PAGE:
While most people think soccer and maybe even basketball when it comes to sports in Argentina, the nation is arguably South America’s top golf-playing country. In fact, Tagle’s company represents the most iconic Argentine golfer – 2007 U.S. Open champion Angel Cabrera.

Tagle, who hails from Cordoba, is from the same town as Cabrera and 2008 U.S. Senior Open champion Eduardo Romero. Tagle dropped his Round-of-32 match, 2 and 1, to Ned Zachar, but left Saucon Valley C.C. with great memories from his first USGA championship.

I knew the USGA plays their tournaments on great courses, but I didn’t know the U.S. Mid-Am would be like this, said Tangle, who replaced the injured Paul Simson in the field. The course is unbelievable and the staff treats everyone like a pro. It was a great experience.

Long And Short Of It

Co-medalist Scott Harvey and 2012 quarterfinalist Corby Segal took different routes to the Round of 16. Harvey, of Greensboro, N.C., posted a pair of gut-wrenching 1-up victories, while Segal, of Santa Clarita, Calif., played 26 holes in two wins, including a 7-and-6 decision on Monday over Clark Mitzner.

On Tuesday, Segal dispatched Kenny Ebalo, whose daytime job is serving as three-time USGA champion Ryan Moore’s manager on the PGA Tour, 5 and 4. Segal also travels the PGA Tour circuit as Briny Baird’s caddie.

Harvey defeated No. 64-seed Kevin Grabeman on Monday and eliminated local favorite Scott McNeil on Tuesday. McNeil resides in Philadelphia, Pa., an hour south of Saucon Valley.

Gutted it out, said Harvey, who wasn’t pleased with his ball-striking. Sometimes, golf is like that. ...You just have to learn to fight it out.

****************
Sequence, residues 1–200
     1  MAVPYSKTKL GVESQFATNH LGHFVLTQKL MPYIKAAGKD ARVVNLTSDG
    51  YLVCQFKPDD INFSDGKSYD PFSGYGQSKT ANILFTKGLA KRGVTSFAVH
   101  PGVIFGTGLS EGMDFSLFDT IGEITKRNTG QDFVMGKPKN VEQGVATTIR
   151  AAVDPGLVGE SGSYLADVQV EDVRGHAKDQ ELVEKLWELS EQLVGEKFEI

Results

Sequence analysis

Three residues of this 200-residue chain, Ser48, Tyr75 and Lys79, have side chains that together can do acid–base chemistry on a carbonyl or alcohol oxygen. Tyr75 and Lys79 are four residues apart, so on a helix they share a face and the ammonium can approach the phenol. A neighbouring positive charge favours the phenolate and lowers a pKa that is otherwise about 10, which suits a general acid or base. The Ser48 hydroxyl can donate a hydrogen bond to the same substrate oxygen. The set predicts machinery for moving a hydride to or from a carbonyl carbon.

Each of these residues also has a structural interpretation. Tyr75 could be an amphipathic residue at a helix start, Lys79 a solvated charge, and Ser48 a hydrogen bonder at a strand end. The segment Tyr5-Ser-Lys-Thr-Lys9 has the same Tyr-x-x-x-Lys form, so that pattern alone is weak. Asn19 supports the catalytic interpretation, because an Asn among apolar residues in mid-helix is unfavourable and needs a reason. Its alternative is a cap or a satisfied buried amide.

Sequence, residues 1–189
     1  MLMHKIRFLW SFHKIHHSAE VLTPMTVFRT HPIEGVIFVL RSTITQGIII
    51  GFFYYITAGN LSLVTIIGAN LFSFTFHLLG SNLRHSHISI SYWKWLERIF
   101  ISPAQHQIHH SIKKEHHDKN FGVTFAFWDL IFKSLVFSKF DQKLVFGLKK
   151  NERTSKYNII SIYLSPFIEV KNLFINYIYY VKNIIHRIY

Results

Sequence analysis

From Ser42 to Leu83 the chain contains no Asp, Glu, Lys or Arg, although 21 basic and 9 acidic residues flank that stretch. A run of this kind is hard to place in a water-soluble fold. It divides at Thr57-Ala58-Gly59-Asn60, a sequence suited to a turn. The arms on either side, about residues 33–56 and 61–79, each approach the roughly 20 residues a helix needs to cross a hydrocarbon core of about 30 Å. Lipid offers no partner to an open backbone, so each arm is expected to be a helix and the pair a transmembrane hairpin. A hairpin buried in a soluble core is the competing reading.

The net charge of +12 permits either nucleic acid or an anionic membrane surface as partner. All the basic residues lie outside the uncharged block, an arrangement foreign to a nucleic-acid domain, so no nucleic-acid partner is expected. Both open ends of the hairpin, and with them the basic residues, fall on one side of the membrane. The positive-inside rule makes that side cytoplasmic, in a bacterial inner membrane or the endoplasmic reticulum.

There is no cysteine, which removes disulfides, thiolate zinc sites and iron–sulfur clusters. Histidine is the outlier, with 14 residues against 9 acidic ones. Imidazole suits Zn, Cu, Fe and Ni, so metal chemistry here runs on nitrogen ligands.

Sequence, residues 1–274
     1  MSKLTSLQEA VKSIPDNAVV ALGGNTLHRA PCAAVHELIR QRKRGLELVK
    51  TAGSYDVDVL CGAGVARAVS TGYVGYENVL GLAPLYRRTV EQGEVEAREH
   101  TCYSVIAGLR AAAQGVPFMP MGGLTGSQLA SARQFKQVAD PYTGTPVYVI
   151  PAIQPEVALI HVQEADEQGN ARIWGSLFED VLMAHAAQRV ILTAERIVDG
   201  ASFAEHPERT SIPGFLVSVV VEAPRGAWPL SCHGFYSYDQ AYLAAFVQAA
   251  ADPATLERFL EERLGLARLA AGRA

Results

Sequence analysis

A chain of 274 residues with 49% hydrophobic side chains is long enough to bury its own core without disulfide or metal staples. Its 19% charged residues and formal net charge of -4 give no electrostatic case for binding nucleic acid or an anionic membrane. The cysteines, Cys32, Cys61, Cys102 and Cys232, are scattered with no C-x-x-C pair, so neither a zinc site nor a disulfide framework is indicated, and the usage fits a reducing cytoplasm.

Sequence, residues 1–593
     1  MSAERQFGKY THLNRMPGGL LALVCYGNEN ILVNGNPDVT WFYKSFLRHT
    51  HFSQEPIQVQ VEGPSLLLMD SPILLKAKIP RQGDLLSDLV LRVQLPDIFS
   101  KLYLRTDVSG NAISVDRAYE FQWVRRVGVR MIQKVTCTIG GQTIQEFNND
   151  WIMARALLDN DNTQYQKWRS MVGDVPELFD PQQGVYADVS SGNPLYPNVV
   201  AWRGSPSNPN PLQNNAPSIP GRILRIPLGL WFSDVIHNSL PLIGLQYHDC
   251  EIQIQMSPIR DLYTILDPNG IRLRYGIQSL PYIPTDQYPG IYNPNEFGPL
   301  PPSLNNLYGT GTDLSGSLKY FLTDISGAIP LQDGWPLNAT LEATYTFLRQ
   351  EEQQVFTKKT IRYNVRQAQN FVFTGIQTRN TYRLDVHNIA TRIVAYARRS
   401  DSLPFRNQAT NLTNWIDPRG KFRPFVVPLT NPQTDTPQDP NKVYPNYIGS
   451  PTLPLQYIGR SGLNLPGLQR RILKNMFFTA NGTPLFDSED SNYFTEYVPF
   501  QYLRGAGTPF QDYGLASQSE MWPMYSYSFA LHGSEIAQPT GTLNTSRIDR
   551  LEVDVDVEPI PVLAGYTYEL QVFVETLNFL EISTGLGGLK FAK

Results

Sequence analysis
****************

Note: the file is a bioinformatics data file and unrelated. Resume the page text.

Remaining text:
Brudzinski Returns After Unexpected Off-Day

Not scheduled to tee off until 11 a.m. in Monday’s Round of 64 at the U.S. Mid-Amateur, T.J. Brudzinski was surprised when his phone rang at 7 a.m.

The USGA was on the other line, notifying him that he had won his match by default after his scheduled opponent, Erik Ehlert, informed the USGA he had signed an incorrect scorecard after his final round of stroke play on Sunday.

Brudzinski, 53, of Columbus, Ohio, was surprised, but sympathetic toward Ehlert.

I had just talked to him the night before. We were staying in the same hotel, said Brudzinski. He’s a great guy and I was looking forward to playing him. I give him a lot of credit for what he did. That’s a stand-up move.

Brudzinski spent some of his free time at Saucon Valley to watch friends from Ohio compete. At night, he went to see the movie The November Man.

On Tuesday, Brudzinski received no such break in a 4-and-3 second-round loss to 2013 USA Walker Cup competitor Todd White.

I didn’t hit any balls yesterday, said Brudzinski. After this display, maybe I should have.

Dave Shedloski is an Ohio-based freelance writer whose work has previously appeared on USGA websites. David Shefter is a senior staff writer with the USGA. Email him at dshefter@usga.org. Joey Flyntz is an associate writer for the USGA. Email him at jflyntz@usga.org.